Building Trust in Your Ministry

by Gina McClain

Trust is the key commodity in kids’ ministry that’s in constant exchange between parents and ministry leaders/volunteers. Each weekend as I walk the halls of my kidmin environments, I watch as parents encounter the environment we’ve created for their kids and the volunteers we’ve recruited to shepherd their kids. It’s a constant learning experience for me as I’m reminded that each encounter, each interaction, either builds trust or tears it down.

It isn’t unusual for me to remind our volunteer team, “You are a primary trust builder in our ministry!”

No matter the size of our ministries, effectiveness depends heavily on our ability to work through volunteers. So, start today. Train your volunteers to build trust with your families. The more parents trust the volunteer, the more they trust you. The more they trust you, the more they trust the ministry you represent.

By leading your volunteers to steward and build upon the trust parents extend to them, the more of a voice your ministry has in the life of the family.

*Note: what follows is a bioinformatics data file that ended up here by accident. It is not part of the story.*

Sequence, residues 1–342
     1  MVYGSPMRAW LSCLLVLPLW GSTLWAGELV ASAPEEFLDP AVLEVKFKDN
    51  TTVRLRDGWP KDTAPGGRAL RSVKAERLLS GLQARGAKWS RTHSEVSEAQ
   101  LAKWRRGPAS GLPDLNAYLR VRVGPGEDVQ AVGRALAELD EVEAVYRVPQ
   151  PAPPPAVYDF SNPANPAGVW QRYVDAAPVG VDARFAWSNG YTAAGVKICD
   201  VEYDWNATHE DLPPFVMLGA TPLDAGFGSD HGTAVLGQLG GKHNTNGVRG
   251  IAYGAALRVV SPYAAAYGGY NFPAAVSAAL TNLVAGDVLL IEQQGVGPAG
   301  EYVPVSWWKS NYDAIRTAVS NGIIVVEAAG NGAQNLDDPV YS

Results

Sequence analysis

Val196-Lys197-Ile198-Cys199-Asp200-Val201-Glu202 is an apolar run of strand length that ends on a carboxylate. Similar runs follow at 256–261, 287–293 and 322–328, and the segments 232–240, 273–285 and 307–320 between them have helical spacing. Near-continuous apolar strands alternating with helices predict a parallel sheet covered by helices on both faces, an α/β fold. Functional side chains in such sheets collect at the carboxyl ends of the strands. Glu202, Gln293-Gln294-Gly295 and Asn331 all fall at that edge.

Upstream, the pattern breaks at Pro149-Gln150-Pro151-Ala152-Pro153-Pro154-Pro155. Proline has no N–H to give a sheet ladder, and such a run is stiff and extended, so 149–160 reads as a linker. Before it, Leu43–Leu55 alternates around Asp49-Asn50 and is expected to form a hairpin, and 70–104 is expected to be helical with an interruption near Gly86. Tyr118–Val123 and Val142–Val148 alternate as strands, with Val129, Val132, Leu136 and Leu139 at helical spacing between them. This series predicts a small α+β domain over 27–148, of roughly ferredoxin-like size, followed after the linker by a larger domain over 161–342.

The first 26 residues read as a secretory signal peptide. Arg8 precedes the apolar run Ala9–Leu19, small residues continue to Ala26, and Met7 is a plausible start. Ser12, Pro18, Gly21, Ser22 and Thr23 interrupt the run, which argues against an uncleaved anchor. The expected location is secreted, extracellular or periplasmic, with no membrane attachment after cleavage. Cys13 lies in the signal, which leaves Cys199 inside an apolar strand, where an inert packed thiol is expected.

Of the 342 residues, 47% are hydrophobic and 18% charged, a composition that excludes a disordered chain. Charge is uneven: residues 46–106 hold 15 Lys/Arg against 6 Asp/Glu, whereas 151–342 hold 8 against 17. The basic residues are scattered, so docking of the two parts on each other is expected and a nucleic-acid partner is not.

I like to train volunteers to look at these three key areas.

The Doorway

Always, always, always have someone at the door of the room greeting, remembering names, telling each parent something about their child. Creating that welcome, warm presence when kids arrive and the excited, engaging presence when they depart. Never miss an opportunity to connect with parents at the door. Although this isn’t a great time for chitchat, it’s the perfect chance for an encouraging smile.

The Lobby

I joke with my volunteers and invite them to “stalk” their parents in the lobby. Not in a creepy way. But with the intent of introducing themselves to new families, encouraging parents of irregulars to return soon, and simply touching base with families they see every week. It’s a great opportunity to find out what’s going on in their life Monday through Saturday. And with each interaction, the bond of trust increases.

The Living Room

There is only one unobtrusive way that I know of to get into the living room of our families that effectively builds loyalty and trust. Personal, hand-written cards. When a volunteer sends a note of encouragement to a child, it speaks volumes to the parent about how much your ministry cares for their child. When a volunteer sends a note of encouragement to the parent, the parent suddenly feels a sense of community and support.

There are so many levels of “win” when you teach your volunteers the impact they can make in building trust with the families that attend your church.